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Sunday, September 10, 2006

More On The Resistance

It's funny, when I blogged last on's Battlestar webisodes I complained about how hard it was to find anything about them. Now if you just go right to, they're a bit hard to miss. They greet you even before their start page.

As Thomas has pointed out, it's an odd format. At first I thought it would be a normal episode just split into 2-3 minute chunks. Of course, that doesn't really work out. When you watch a normal television show, scenes are spread out unevenly with length proportional to their weight in a plot. So you might have a long scene at the beginning of the show to set the stage, several smaller scenes to carry that action and a long scene towards the end to finish the story.

Instead, The Resistance are small vignettes which aren't entirely connected (OK, that might not be fair after watching only two episodes) but stand to make a rather singular point. It's not unlike a soap opera, actually, which generally has subplots all given similar sized scenes with a few actors. I hate soap operas, but The Resistance doesn't feel like it's forming into one. There's clearly a central theme and plot arising. The writing feels like it's done with the same pen as the normal show, it's just served up in smaller chunks. The acting and characters feel like what avid viewers will have grown used to and not simply phoned in advertisments. If you can feel anything out of sorts - it's that these episodes were clearly shot under a tight budget. Cylon occupied New Caprica, for instance, is suspiciously devoid of Cylons.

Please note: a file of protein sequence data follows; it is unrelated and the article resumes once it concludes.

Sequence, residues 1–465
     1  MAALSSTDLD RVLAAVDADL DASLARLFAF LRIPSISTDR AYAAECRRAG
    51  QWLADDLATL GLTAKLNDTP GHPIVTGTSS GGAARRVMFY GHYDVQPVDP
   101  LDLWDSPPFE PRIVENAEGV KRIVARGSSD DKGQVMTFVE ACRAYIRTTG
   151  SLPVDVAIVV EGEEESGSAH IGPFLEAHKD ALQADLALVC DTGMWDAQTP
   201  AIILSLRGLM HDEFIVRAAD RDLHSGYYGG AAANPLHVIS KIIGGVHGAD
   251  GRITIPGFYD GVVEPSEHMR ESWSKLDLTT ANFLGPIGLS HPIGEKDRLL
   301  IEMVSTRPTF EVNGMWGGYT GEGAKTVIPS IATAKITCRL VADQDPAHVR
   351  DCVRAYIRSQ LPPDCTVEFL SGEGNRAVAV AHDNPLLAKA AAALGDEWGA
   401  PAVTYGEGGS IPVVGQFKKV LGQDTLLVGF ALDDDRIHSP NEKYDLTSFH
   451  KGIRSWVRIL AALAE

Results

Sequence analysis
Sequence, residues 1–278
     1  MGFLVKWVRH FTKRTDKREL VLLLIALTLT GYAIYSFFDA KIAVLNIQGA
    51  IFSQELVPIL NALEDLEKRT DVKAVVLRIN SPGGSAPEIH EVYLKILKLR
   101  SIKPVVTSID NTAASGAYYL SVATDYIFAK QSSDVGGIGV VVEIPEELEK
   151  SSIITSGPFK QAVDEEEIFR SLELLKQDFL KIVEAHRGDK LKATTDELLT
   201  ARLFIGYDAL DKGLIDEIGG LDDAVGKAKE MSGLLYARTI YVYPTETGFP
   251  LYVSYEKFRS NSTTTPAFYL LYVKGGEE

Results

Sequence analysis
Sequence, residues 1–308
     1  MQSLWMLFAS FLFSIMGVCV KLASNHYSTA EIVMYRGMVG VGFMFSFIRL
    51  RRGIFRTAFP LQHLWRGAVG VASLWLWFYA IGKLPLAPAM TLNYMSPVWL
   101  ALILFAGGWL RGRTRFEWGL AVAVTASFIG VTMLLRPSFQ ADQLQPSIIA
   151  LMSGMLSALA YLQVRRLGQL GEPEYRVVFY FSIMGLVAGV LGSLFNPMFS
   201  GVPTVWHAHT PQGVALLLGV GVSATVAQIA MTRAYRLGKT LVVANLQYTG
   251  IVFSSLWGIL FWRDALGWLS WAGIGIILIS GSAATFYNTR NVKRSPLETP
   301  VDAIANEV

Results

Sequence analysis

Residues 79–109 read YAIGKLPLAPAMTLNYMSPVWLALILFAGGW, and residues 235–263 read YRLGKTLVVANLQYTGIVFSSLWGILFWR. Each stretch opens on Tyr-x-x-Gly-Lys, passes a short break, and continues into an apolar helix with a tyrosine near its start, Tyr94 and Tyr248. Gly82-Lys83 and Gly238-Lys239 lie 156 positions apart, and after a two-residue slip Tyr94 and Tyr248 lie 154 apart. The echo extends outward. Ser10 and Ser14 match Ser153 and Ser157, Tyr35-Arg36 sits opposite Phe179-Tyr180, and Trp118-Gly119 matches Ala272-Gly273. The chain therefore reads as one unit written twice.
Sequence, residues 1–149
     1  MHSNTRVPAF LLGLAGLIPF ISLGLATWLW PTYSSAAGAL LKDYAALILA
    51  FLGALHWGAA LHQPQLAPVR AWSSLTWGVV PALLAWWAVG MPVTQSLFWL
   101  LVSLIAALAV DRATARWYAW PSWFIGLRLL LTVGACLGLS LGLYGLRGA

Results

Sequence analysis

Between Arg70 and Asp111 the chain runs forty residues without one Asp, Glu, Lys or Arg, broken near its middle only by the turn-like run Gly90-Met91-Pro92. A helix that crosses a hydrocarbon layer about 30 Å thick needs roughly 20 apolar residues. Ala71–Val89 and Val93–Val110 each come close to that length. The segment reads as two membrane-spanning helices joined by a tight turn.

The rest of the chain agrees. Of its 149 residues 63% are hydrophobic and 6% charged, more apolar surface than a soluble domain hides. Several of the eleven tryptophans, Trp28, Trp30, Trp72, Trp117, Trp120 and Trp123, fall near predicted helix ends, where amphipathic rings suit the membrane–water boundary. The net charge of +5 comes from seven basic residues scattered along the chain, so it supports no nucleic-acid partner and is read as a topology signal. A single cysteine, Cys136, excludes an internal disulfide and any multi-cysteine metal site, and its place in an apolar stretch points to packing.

Or to put it simply - it's an odd format but the producers are clearly trying to make it work and taking seriously. It's not going to be anywhere nearly as entertaining as the premiere ... but it will serve as an appetizer until we get Season Three.

If I have a complaint ... it's that I'm watching this in this small embedded flash viewer. I've gotten spoiled in the last few weeks. On the computer, I like to watch things full screen with a minimum amount of trouble. It can be low-res, but squinting into a flash player just adds to the already low budget feel. The only reason I could think that they wouldn't publish these on iTunes at the same resolution as every other television show is to drive traffic to

And I've been in those kinds of meetings where those kinds of decisions are made. The traffic never works out the way people want and sometimes it's just better to thinks of the audience first.

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